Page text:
If we look to the UNESCO, a child’s ‘Mother Tongue’ language is the first language learned in the home from older family members. Today, many of us view multilingualism as a means of geographical and economic mobility or migration. Indeed, multilingualism increasingly appears to be the new global norm. In Singapore, particularly, multilingualism is part of our general human capacity for language, is an essential aspect of how we form belonging and difference. That’s why from birth, most of us are exposed to at least two different languages.
Infants begin to distinguish between sounds – even between different languages – from about 8 months of age when their brains start to focus on the sounds, they hear around them. While how this transition occurs is still being investigated, it is hypothesised that the root lies in social interactions and use of exaggerated Parentese (aka Baby Talk). Parentese will often make your baby look at you and respond in coos or babbling.
However, this is not necessarily early language, although it is characteristic of the confusing nature of early language. This makes it less of a definitive milestone than some other developmental moments, like their first steps or puberty. Many people don’t even know their own first words, probably because most first words are considered banal and forgettable.
The Communicative Development Inventories
The Communicative Development Inventories (CDIs), one of the most widely used evaluation tools for early language development, showed how variable children’s early vocabularies are. This gave rise to the Wordbank, which now consists of more than 82,000 CDI reports in 29 languages and dialects. An initial analysis of Wordbank data revealed that children’s vocabularies tend to consist of consistent themes, which makes first words more interesting as a phenomenon.
The First Words Phenomenon
Infants tend to talk about the same things, regardless of their language; themes tend to revolve around words about sounds, games and social routines, body parts and the important people in their life. In multilingual children, words learned early in one language tend to be learned early in other languages. In America, the 10 most frequent first English words, in order, are
- woof woof
One reason for this consistency is that such words are common words that have to do with babies, their immediate surroundings, and important, concrete things. They are often words babies hear frequently.
But another reason for the consistency is that babies tend to learn words that help them interact with their parents and caregivers. Therefore, your child’s early words tend to reflect cultural norms and parenting practices.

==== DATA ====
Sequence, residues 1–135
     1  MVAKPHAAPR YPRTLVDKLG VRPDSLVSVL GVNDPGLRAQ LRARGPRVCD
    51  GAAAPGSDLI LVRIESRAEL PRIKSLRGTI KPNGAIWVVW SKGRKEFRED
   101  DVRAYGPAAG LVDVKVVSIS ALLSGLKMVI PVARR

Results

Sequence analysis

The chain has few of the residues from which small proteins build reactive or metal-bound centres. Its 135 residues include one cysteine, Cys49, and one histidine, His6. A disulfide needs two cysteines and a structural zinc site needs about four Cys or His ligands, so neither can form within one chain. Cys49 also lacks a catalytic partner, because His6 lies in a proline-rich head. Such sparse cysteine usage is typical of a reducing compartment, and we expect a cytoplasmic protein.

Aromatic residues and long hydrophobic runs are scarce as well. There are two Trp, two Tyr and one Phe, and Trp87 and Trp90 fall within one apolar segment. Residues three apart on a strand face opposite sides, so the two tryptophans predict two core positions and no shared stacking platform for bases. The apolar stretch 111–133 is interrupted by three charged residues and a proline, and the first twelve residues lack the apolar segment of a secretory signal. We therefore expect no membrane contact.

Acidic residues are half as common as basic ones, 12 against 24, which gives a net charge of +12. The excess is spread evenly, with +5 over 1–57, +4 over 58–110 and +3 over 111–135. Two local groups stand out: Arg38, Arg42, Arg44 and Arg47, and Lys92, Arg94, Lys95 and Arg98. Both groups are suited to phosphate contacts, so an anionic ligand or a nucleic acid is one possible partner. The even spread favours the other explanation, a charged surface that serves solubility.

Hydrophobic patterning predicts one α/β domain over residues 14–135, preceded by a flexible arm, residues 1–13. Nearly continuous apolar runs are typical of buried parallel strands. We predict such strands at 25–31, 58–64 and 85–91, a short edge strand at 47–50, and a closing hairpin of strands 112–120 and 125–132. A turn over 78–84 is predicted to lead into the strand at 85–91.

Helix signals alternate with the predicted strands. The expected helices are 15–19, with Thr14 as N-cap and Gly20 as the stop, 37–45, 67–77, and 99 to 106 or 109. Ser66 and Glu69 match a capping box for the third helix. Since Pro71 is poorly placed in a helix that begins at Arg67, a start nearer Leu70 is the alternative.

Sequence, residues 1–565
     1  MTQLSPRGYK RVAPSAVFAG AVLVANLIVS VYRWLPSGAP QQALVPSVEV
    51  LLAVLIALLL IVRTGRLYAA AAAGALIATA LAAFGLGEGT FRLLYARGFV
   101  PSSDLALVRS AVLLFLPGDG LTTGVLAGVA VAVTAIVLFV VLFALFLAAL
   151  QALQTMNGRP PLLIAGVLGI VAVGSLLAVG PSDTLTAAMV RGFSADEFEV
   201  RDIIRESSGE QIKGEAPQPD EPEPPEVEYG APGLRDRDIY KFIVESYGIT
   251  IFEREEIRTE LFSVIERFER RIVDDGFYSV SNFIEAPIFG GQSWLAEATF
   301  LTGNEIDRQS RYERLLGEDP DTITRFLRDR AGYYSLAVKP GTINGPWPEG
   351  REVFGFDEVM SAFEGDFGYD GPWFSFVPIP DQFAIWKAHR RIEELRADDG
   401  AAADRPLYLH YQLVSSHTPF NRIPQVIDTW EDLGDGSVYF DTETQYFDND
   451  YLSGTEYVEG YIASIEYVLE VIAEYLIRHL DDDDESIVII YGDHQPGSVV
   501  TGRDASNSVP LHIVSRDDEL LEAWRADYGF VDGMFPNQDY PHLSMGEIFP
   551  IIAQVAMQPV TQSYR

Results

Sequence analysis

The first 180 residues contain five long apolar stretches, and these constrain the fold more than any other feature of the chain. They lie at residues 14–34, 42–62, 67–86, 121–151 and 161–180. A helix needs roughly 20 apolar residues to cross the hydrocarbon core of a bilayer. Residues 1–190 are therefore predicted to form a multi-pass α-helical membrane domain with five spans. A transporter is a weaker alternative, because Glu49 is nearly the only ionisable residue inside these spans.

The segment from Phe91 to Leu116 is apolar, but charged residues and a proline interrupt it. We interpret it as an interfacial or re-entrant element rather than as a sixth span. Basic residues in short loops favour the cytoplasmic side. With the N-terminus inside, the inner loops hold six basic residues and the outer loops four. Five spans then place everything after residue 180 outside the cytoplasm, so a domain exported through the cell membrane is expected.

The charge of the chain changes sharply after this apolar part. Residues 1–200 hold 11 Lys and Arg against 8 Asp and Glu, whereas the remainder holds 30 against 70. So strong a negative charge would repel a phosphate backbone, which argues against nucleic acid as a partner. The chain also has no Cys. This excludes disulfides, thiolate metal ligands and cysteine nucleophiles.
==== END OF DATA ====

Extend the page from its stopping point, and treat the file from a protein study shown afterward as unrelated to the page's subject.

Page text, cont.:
As they get older, children (up to one year of age) in most languages tend to say and understand more nouns than verbs, and use many fewer function words (such as the, and, and also), even though they hear function words frequently. Two exceptions are Mandarin and Cantonese, where children utilise more verbs. However, this is likely because in these languages lone verb (take) are acceptable clauses that in other languages would require subjects or objects (I take).
Now, while these trends are consistent across languages, there are some interesting demographic differences. According to Wordbank, in 25 of 26 languages, girls under 3 years old of age utilized more words than boys in their age group. There are also gender-related differences in the kinds of words babies tend to say. Boys tend to familiarise themselves with words for vehicles and objects associated with stereotypically male activities, such as sports, earlier than girls. On the other hand, girls familiarise themselves with words for body parts and clothing earlier than boys. Additionally, earlier-born children tended to utilise more words than their younger siblings – one hypothesis is that parents address more speech to firstborn children.
Kids Take Different Routes to Language
Yet the encompassing theme of Wordbank is variability, regardless of the language. This suggests that culture, family structure and social environments are largely independent of learning speech.
This can be quite liberating for parents, who tend to assume that the differences they see in their child’s language are their doing. While major differences in language input may be consequential, small acts like reading two different language books before bedtime, will not make much of a difference.
That said, if you’re hoping your baby utters your name before your partner’s, you’re probably listening closely for their first words. New research shows that speech sounds stimulate areas of an infant’s brain that coordinate and plan for the physical movements needed for speech. So, while you should keep speaking to your baby, it doesn’t have to be a big deal. You can talk to your child about hanging out the washing, preparing meals or whatever is happening around you.
Tune into your Child
- Reduce distractions to just ‘be present’ to talk to your child.
- Notice what your child appears to be interested in, and ask a question or make a comment, and then give your child time to respond.
- As your toddler learns to talk, give them time to find words for their ideas and really listen when they talk.
- Try not to finish their sentences and make sure they are finished before you talk. This sends the message that what your child has to say matters.
- Use natural pauses. Your child will eventually fill in these pauses when their language develops. This also teaches them to ‘give and take’ in a conversation.
At the Agape School of Education, we have playgroups available for children to learn new languages through song, dance, art, role-play and interaction with other children!